New Delhi: Many important decisions were taken in the 50th meeting of the GST Council in New Delhi. As the biggest decision among these, the GST Council approved the imposition of a 28% tax on online gaming, horse riding, and casinos. Earlier the tax rate on these was 18 percent. At the same time, the recommendation to reduce GST on the bill for food and beverages in the cinema hall was also approved. Now 5% GST will be imposed on them instead of 18%. Union Finance Minister Nirmala Sitharaman gave information about all these decisions in the press conference.
Apart from this, while giving great relief to patients suffering from cancer, the government said that IGST will not be levied on imported cancer medicines. GST on uncooked snacks has been reduced from 18% to 5%.
28% GST decision on online gaming is important
For a long time, the GST Council was discussing online gaming. This time the council has decided to impose a 28% tax on online gaming. The council has decided to impose 28 percent GST on online gaming with some modifications. It has been agreed to levy 28% GST on horse racing, and casinos. GST Council has not made any distinction between skill-based games and chance-based games.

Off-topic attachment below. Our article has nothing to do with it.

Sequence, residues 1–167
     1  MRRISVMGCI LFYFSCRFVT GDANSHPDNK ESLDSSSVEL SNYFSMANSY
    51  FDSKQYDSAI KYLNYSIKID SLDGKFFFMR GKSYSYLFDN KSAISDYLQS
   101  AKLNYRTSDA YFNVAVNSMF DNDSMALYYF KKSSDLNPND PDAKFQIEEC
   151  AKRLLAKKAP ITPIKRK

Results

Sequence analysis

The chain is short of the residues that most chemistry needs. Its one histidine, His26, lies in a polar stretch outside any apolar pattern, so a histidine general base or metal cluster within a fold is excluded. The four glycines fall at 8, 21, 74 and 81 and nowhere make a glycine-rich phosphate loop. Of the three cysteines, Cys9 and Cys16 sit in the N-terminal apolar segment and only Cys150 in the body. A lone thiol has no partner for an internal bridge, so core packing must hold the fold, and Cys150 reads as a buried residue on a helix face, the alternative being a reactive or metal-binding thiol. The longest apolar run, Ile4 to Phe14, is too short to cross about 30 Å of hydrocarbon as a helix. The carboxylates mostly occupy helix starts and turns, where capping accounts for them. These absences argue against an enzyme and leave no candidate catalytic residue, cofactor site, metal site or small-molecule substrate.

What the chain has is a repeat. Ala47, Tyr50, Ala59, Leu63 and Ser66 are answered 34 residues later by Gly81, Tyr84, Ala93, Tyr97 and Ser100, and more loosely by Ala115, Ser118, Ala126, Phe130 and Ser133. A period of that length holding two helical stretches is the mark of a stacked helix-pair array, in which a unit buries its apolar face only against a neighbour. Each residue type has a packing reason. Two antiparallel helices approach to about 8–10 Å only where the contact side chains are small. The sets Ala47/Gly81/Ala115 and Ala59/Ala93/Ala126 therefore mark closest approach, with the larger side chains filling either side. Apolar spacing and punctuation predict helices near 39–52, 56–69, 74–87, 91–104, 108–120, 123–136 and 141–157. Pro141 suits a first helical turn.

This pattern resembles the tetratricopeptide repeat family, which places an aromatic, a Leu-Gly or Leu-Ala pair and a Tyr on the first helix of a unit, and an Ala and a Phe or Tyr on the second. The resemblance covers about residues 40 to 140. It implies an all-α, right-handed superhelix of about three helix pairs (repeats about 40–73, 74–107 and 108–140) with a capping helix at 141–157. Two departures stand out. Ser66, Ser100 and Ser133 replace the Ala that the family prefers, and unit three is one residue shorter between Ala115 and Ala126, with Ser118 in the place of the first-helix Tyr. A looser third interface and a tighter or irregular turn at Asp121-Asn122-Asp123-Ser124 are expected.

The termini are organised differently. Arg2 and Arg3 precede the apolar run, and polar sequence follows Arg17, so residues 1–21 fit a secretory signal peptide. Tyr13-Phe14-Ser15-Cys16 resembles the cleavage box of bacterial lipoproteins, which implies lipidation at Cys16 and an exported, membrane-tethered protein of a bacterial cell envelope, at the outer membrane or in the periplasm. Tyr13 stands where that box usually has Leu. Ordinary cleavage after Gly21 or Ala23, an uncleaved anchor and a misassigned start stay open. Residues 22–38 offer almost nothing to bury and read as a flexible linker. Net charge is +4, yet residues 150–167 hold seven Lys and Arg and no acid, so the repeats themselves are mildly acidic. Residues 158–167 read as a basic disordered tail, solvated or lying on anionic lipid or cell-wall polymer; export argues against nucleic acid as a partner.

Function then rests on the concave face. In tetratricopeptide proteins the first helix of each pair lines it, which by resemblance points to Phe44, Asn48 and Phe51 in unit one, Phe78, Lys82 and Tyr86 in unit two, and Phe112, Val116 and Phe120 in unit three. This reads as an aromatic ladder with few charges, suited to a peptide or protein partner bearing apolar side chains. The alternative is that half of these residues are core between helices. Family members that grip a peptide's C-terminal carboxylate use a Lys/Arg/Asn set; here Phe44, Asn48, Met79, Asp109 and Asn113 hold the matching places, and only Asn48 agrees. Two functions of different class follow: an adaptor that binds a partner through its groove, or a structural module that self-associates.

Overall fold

Decisions based on the recommendation of the Group of Ministers
The panel, headed by the Union Finance Minister and having representatives from all states and union territories, took the decision based on the recommendation of a Group of Ministers to consider levying GST on casinos, horse riding, and online gaming.
Cars will be expensive
The Union Finance Minister has approved the imposition of a 22 percent cess on Multi Utility Vehicles in the GST Council. However, sedan cars have not been included in this. The Finance Minister said the GST Council has exempted GST on satellite launch services by private operators.
In this meeting, the GST Council approved the formation of the GST Tribunal of the Fitment Committee. With this step, disputes related to GST will be resolved at the earliest. Maharashtra has demanded the setting up of 7 Appellate Tribunals in the state.